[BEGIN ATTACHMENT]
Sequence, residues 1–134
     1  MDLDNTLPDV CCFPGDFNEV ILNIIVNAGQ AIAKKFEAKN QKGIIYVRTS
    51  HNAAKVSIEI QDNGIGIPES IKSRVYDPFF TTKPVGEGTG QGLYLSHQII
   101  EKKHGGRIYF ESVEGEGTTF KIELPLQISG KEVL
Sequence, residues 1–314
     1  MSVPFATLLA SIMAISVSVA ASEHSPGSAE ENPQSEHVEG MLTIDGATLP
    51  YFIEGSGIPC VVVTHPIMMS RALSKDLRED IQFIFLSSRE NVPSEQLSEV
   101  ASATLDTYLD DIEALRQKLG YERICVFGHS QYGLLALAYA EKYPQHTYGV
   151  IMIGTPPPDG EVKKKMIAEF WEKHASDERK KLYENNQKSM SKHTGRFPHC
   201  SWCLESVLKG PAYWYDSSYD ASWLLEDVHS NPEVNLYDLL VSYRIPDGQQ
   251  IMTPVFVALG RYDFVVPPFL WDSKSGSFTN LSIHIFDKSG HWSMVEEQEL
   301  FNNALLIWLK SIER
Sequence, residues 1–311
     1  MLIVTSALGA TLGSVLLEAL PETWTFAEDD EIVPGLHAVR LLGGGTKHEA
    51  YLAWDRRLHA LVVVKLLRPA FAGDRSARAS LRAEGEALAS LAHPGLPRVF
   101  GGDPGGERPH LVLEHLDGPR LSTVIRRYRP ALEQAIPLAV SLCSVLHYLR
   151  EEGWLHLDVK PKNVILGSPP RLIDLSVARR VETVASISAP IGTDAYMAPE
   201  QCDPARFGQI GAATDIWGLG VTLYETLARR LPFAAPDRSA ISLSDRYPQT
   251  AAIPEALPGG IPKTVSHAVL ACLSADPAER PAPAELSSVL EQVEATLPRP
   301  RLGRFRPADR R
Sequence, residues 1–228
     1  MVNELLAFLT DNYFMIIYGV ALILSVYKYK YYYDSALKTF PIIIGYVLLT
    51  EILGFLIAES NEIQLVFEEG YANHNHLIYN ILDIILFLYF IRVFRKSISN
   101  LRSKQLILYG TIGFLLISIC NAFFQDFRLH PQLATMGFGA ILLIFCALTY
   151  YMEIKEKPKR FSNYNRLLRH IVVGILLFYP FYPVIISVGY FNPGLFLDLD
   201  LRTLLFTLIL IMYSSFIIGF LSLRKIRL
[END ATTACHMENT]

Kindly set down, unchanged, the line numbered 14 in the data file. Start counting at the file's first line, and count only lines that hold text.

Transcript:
     1  MLIVTSALGA TLGSVLLEAL PETWTFAEDD EIVPGLHAVR LLGGGTKHEA